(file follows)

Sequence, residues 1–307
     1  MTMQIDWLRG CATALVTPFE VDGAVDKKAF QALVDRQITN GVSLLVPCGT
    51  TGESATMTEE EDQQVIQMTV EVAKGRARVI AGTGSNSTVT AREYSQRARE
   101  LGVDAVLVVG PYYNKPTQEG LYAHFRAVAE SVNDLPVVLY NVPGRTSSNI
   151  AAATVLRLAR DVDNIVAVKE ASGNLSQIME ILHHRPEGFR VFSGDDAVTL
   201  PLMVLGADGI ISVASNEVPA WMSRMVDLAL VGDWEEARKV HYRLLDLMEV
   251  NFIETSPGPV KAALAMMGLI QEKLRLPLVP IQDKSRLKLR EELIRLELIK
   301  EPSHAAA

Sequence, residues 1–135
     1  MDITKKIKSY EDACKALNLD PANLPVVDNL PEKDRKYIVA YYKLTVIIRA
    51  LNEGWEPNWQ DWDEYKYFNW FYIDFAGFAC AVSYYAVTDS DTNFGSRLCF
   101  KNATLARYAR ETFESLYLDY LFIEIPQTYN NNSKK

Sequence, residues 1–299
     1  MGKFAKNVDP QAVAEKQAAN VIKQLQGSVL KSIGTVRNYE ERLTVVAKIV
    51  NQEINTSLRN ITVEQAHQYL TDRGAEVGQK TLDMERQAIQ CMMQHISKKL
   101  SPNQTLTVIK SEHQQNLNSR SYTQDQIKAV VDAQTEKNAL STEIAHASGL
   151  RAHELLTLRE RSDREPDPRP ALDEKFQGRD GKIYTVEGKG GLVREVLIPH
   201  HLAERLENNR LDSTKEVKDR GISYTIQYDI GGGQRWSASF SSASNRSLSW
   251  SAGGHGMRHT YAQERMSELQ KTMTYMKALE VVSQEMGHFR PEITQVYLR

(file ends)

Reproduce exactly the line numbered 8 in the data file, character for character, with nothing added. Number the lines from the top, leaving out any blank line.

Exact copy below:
   301  EPSHAAA